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There is a way to use the power of genetic knowledgeand biochemical knowledge to predict and prevent disabilities in children. And I've devoted my life to that idea.
A Comprehensive Medical Practice That Makes a Real Difference
Our clinic serves as a trusted medical practice for Amish and Mennonite families working to prevent and treat genetic illness. The sturdy, timber-framed building was “raised” by the hands of those in the Anabaptist community it serves just outside of Strasburg, PA. Inside, it is filled with an array of high-tech gene sequencing tools that allow us to deliver highly personalized care—a precise treatment option for the right patient at the right time.
Katie Martin's Story
Katie Martin has experienced seizures for as long as she can remember. “When I was two years old, my family thought I was having nightmares when they would hear me in the middle of the night. It was only when I started having seizures during the day that we realized they were actually seizures.” Throughout her childhood, Katie tried many different medications to reduce her seizure activity – all to no avail.
Over the years Katie had heard about the Clinic for Special Children through family and friends. Even though she was placed on the medication Lamotrigine by her neurologist in her early 20’s with some success, she decided last year to give the Clinic a try. Katie’s timing was perfect. The Clinic had recently hired Dr. Grace Meier (formerly Dr. Loudon), a Family Medicine Physician, to expand services to care for adult patients. At Katie’s first visit to the Clinic, she met with Dr. Meier to discuss her history of seizures and a nagging abdominal pain. Dr. Meier quickly ordered an epilepsy panel to test Katie for a variety of genetic conditions that can cause seizures.
Katie’s test came back positive for NPRL3-related epilepsy. It just so happens that the NPRL3 genetic variant was discovered by the Clinic in 2016 to be a cause of epilepsy. Katie’s diagnosis of NPRL3-related epilepsy provided her with the cause of her seizures and may help guide the management of seizures in the future.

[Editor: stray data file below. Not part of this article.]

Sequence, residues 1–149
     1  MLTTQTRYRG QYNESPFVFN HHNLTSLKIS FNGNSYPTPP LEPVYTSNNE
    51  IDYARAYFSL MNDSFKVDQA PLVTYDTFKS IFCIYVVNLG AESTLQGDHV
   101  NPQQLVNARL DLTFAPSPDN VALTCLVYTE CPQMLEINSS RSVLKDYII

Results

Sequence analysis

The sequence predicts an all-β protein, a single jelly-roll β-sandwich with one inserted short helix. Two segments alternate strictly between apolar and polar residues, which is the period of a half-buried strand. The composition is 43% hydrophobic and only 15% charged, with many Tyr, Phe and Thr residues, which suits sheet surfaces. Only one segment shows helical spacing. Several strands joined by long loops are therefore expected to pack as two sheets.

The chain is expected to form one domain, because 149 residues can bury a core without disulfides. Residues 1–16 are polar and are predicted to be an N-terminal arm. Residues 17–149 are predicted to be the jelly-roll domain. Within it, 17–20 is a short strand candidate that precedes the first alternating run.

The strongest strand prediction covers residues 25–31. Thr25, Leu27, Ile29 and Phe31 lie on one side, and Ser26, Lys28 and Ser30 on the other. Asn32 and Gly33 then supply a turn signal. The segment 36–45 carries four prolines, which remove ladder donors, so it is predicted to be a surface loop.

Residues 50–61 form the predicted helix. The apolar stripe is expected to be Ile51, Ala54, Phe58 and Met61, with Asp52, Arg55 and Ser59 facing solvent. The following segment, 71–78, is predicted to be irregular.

To address Katie’s abdominal pain, Dr. Meier referred her to a specialist to get an ultrasound scan. The ultrasound results showed that Katie needed surgery, which Dr. Meier worked to coordinate with a surgeon. The surgeon removed a nine centimeter endometrioma and Katie felt relief almost immediately.
In addition to NPRL3-related epilepsy and the endometrioma, Dr. Meier noticed a history of elevated blood sugars and drew attention to the importance of managing her pre-existing diabetes. Katie now works with a nutritionist and gets regular blood test checkups.
When asked about what adult services at the Clinic means to her, Katie exclaims, “I’m happy to hear that the Clinic is offering adult services. Your team understands and works with conservative cultures and helps keep prices low for your patients. I’m grateful to Dr. Meier for working with me on the management of my seizures and pre-existing diabetes. I’m thankful that I found the Clinic for Special Children and Dr. Meier.”
Today Katie enjoys working at Uncle Henry’s Pretzel Bakery and visits the Clinic a couple of times a year for management of her seizures and surveillance of her diabetes.
Help us to continue to provide patients with timely, affordable and effective care!
Our clinic serves as a trusted medical home for families working to prevent and treat genetic illness in their children. Serving predominantly Amish and Mennonite families, the sturdy, timber-framed building was "raised" by the hands of those in the Anabaptist community outside of Strasburg, PA. Inside the clinic is filled with an array of high-tech gene sequencing that allows us to deliver state of the art care in a nurturing environment.